When is the appropriate time to break out the holiday joy?
For a lot of people, November 1st is merely the signaling of a new month, but for some people, it means it little more than that: the start of the holiday season. Department stores have their Christmas trees out, there was a blizzard this weekend, and I’ve heard my fair share of Christmas songs already.
So when does the holiday season really begin? For many people the holiday schedule goes as follows:
- October 31st: Halloween
- November 1st-27th: Christmas
- November 28th: Thanksgiving
- November 29th-December 25th: Christmas
Now, I’m not trying to knock anyone having their fun, but when two months of the entire year are reserved to one single day of the year, there has to be something wrong.
There is a large number of individuals where the holiday season is their absolute favorite time of the year. Personally, I know someone with enough holiday-themed socks to wear one pair for every day of December. However, isn’t so much of that holiday ‘magic’ a factor of Christmas only being one day of the year?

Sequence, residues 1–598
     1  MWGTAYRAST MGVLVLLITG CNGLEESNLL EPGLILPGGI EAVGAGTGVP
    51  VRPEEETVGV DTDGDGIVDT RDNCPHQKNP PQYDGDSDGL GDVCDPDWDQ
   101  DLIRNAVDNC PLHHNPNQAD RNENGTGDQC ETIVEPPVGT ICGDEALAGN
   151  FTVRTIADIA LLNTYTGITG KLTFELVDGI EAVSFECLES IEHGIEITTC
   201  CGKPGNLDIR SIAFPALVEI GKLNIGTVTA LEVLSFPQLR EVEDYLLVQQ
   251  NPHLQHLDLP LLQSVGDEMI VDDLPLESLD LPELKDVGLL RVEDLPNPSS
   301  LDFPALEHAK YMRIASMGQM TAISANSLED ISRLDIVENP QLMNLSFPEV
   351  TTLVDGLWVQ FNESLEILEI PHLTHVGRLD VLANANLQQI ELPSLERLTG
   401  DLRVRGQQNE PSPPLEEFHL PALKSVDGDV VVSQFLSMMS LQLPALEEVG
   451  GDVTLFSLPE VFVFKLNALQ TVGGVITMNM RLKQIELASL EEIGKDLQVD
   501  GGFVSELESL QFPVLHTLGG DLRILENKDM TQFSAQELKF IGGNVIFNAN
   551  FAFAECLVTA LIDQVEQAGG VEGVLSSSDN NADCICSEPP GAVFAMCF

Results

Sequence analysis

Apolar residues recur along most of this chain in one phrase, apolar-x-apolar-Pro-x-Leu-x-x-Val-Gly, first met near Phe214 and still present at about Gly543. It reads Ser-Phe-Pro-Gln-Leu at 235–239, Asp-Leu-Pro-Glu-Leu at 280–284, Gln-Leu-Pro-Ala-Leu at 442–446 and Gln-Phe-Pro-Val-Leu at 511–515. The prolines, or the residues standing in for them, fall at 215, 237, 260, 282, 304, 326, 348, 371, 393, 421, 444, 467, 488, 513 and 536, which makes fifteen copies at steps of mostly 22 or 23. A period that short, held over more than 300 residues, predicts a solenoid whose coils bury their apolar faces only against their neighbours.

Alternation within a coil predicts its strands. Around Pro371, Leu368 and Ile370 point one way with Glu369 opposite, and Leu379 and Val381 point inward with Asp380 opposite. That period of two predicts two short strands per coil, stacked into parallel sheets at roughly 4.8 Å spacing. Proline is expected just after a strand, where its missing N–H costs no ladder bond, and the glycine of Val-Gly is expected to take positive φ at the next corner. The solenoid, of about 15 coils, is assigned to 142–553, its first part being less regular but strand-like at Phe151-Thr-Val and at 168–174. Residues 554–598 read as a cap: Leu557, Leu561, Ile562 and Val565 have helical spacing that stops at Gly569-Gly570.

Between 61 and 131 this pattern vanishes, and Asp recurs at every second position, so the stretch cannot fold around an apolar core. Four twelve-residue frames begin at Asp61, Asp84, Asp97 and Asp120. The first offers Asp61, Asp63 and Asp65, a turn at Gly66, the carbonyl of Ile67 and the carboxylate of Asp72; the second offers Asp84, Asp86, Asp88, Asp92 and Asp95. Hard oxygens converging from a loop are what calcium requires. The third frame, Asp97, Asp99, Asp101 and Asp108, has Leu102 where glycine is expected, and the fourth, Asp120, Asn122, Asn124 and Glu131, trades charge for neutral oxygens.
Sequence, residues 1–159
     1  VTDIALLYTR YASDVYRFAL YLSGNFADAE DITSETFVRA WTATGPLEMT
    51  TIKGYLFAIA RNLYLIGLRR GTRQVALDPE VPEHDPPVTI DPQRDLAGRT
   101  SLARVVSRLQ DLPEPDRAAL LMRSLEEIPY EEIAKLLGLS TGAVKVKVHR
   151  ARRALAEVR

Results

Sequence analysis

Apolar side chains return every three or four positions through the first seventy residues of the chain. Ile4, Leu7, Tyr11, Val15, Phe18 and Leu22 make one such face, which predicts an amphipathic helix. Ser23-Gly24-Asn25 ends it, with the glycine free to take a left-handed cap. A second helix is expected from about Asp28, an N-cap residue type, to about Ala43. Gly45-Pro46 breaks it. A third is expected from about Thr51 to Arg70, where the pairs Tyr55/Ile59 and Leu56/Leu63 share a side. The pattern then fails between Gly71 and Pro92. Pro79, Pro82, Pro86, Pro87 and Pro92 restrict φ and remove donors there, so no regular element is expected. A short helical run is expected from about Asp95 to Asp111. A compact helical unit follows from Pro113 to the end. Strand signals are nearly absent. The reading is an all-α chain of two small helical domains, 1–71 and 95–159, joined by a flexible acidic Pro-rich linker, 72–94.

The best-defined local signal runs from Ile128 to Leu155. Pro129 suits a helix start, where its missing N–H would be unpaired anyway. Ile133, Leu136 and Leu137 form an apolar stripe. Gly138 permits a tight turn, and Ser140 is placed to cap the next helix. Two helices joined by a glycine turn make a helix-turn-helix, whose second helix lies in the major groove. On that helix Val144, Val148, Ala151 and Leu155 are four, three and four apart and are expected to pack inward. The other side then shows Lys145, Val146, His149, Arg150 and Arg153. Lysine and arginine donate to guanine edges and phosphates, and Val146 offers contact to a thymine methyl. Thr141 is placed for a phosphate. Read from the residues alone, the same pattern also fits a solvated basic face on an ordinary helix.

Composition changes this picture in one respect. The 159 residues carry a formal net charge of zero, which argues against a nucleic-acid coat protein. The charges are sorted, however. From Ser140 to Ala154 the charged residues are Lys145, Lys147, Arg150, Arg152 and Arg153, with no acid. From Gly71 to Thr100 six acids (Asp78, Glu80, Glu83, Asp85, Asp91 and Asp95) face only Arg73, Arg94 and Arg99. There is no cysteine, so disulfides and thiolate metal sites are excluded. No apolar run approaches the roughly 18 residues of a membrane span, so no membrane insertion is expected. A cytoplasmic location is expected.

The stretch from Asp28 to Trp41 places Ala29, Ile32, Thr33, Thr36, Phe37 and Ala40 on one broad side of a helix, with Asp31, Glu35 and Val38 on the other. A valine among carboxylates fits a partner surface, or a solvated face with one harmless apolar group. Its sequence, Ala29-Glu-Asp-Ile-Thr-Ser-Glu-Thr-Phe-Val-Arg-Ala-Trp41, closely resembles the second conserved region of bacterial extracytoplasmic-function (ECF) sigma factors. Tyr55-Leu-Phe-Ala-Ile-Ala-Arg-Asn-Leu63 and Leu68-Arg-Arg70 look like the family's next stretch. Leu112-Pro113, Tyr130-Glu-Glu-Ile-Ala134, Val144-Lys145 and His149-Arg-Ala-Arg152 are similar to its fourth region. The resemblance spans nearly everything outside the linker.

In the same way that the person who lives in a tropical paradise stops seeing what’s so magical about perfect weather if society celebrates a holiday for two months straight, shouldn’t that holiday begin to lose its charm?
For most students at NDSU, this holiday season will be one they have experienced for the last two decades. If during that time they celebrated the season from November 1st to Christmas, that’s about 15 percent of our lives spent in the holiday spirit.
My proposal is a shift to not celebrate Christmas until December 15th. That’s ten whole days of ice skating, Christmas songs, and cheesy fireplace apps to keep your heart alight. At the same time, that’s an additional 45 days of sanity for those who aren’t quite ready to don their Christmas sweaters and for the many people who don’t even celebrate Christmas.
Believe me, I know it’s hard to avoid the spirit when we live in a state where it snows in October. It’s like the sky is begging us to start sledding and singing carols. However, the need for winter break is desperate enough without people already discussing their Christmas plans before we’ve even gone through Thanksgiving.
So do everyone a favor: if you really need to expel your Christmas excitement, listen to Christmas music with headphones in, keep your Christmas tree hidden in your closet, and for the love of goodness, please do not start singing “All I Want for Christmas is You.”